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The Cost of Distracted Driving: Commit to Focus on Driving

Image of Cognitive FX Team
Updated on 24 March, 2024
Medically Reviewed by

Dr. Alina Fong

The Cost of Distracted Driving Commit to Focus on Driving

When it comes to multitasking, we all think we’re great at it, but really only about 2% of people can successfully multitask, according to Psychology Today. Even if you think you MIGHT be one of these people, chances are, you’re probably not. Yet it seems that we all like to test out that theory in inappropriate places, specifically when we’re on the road.

Most of us have sent a text or talked on the phone while driving, but we also all have been in or know someone who has been in an accident involving distracted driving. You’d think we would have gotten the hint by now, especially with driving laws being the way that they are. According to the Governors Highway Safety Association, “ 15 states prohibit all drivers from using hand-held cellphones while driving”, and “all states except 2 include at least one category for distraction on police crash report forms.”

Distracted Driving Is Costly

it’s clear that it’s an epidemic; people are aware that it’s happening, but we’re still doing it. Why is that, when a split second spent looking at your phone could end up harming or even killing someone? According to the CDC, 9 people are killed and over 1,000 are injured EVERY DAY from distracted driving. That’s too many. Take a look at some of these other recent distracted driving statistics.

  • The National Safety Council reports that cell phone use while driving leads to 1.6 million crashes each year.
  • 1 out of every 4 car accidents in the United States is caused by texting and driving.
  • Texting while driving is 6 times more likely to cause an accident than driving drunk.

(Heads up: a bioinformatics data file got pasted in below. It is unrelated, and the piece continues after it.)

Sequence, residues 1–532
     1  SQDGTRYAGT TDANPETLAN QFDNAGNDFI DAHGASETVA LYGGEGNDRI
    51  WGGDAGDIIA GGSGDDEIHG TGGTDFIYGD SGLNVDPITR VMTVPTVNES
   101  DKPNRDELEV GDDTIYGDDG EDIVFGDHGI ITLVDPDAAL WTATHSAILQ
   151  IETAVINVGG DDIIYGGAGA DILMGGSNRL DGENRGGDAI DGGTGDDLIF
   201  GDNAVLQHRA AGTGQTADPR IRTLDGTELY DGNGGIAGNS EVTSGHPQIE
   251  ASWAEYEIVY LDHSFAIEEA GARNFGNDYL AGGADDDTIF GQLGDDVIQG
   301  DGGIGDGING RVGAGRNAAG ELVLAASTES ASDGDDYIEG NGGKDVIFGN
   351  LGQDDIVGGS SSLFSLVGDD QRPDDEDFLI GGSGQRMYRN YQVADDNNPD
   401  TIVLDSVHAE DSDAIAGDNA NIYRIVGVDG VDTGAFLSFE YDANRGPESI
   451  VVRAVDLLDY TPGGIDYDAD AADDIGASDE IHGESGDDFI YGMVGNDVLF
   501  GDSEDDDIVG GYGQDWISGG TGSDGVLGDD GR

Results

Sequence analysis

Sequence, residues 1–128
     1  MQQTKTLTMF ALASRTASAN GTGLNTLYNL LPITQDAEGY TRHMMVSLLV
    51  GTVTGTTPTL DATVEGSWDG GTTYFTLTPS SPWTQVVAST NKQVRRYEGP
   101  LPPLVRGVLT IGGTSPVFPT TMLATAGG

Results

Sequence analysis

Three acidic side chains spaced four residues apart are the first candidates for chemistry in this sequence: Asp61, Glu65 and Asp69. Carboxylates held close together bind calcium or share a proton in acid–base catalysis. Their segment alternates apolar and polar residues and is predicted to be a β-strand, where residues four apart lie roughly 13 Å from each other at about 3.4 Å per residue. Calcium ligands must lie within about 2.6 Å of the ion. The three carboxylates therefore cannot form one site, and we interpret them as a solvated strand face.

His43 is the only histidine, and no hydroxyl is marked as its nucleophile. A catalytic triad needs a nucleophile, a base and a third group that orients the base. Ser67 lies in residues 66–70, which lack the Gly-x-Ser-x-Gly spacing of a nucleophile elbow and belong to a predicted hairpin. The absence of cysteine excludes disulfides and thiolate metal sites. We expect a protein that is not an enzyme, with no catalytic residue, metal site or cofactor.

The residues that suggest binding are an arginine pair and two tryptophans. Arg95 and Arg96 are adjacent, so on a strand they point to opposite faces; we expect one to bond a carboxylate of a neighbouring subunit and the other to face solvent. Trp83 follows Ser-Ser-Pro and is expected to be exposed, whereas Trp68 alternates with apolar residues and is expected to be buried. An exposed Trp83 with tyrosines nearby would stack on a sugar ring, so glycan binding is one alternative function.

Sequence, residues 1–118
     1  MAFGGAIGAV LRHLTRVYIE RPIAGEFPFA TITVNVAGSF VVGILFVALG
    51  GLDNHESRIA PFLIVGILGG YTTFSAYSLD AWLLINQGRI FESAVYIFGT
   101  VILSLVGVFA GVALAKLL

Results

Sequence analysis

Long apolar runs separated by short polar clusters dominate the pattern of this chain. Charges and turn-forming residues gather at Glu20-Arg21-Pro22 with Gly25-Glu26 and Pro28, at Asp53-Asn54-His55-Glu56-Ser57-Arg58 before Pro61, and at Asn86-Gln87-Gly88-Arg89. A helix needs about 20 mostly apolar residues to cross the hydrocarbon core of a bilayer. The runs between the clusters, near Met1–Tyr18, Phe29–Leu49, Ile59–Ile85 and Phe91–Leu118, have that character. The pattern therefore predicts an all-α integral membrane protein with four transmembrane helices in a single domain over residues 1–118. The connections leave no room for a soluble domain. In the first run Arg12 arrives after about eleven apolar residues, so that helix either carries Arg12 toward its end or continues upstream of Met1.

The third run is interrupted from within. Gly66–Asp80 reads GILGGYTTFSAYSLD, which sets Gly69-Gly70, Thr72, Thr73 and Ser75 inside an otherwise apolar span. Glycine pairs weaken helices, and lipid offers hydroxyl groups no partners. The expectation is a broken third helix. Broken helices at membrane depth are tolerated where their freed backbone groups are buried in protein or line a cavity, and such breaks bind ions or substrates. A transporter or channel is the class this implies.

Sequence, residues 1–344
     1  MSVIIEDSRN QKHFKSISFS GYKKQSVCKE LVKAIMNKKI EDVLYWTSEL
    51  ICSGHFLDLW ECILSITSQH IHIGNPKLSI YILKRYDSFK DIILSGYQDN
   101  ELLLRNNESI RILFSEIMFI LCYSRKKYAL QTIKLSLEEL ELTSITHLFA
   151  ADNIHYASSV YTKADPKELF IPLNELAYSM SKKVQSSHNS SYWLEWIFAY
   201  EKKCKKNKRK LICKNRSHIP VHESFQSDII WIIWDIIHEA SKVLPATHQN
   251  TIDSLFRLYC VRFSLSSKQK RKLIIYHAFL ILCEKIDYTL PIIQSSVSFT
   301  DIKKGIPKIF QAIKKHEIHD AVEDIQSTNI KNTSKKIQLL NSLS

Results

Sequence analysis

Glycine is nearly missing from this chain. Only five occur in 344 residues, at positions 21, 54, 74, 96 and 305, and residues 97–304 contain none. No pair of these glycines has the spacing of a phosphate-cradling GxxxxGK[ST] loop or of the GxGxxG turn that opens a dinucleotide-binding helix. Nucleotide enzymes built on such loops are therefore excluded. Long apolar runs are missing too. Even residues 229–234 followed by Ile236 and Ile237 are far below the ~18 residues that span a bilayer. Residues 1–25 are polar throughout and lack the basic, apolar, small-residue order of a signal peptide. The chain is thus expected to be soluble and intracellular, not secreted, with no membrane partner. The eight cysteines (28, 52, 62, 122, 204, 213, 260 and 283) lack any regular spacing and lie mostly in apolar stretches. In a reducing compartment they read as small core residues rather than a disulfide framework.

• Texting while driving is just as deadly as drinking and driving while over twice the legal limit.
  • Answering a text takes away your attention for about five seconds. Traveling at 55 mph, that's enough time to travel the length of a football field.
  • Texting while driving causes a 400% increase in time spent with eyes off the road.
  • Of all cell phone related tasks, texting is by far the most dangerous activity.
  • 94% of drivers support a ban on texting while driving.
  • 74% of drivers support a ban on hand-held cell phone use.

What Can We Do?

In March of 2010, AT&T launched the “It Can Wait” campaign to bring awareness to the issue, and to encourage people to put down their phones while driving. You can take the pledge yourself today at https://www.itcanwait.com/pledge. They also encourage the downloading of their free “DRIVEMODE” app, which minimizes phone distractions while you’re driving. Keep yourself safe, and keep others safe on the road.



"Driver Electronic Device Use in 2010." Traffic Safety Facts: National Highway Traffic Safety Administration. December 2011.

"State lawmakers try to curb driver distractions." Pittsburgh Post-Gazette. October 2007.

"Teen texting is OTT, even at wheel." Pittsburgh Post-Gazette. July 2007.

"Bill would require motorists to unhand their phones." Pittsburgh Post-Gazette. June 2006.

"PennDOT Teen Driver Safety Week News Release." Pennsylvania Department of Transportation. October 22, 2008.

"Cellphones and Driving." Insurance Information Institute. October 2008.

"AMA acts against trans fats, texting while driving." Washington Post. November 10, 2008.

"Teen Texting is OTT, Even at Wheel." Pittsburgh Post-Gazette. July 17, 2007.

"Distractions Challenge Teen Drivers." USA Today. January 26, 2007.

"Distracted Driving 2009." National Highway Traffic Safety Administration. September 2010.

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"Distracted Driving and Driver, Roadway, and Environmental Factors." National Highway Traffic Safety Administration. September 2010.

"Most U.S. Drivers Engage in 'Distracted' Driving Behaviors." USAToday.com. December 1, 2011.

"2012 Distracted Driving Attitudes and Behaviors Survey." NHTSA.

"2011 National Occupant Protection Use Survey on Driver Electronics Use." NHTSA.

"2011 Morbidity and Mortality Weekly Report." Centers for Disease Control and Prevention.

"2011 Youth Risk Behavior Surveillance System." Centers for Disease Control and Prevention.

"Distracted Driving 2011." National Highway Traffic Safety Administration.

"Distracted Driving – What Research Shows and What States Can Do." Governors Highway Safety Association. 2011.

National Safety Council.

"New Pennsylvania law not yet putting a dent in texting while driving." Pittsburgh Post-Gazette. April 11, 2013.

“What is Distracted Driving? Key Facts and Statistics” NHTSA National Highway Traffic Safety Administration.

Schroeder, P., Meyers, M., & Kostuniuk, L. (2013, April). National survey on distracted driving attitudes and behaviors – 2012. (Report No. DOT HS 811 729). Washington, DC: National Highway Traffic Safety Administration. "Distracted Driving 2013." National Highway Traffic Safety

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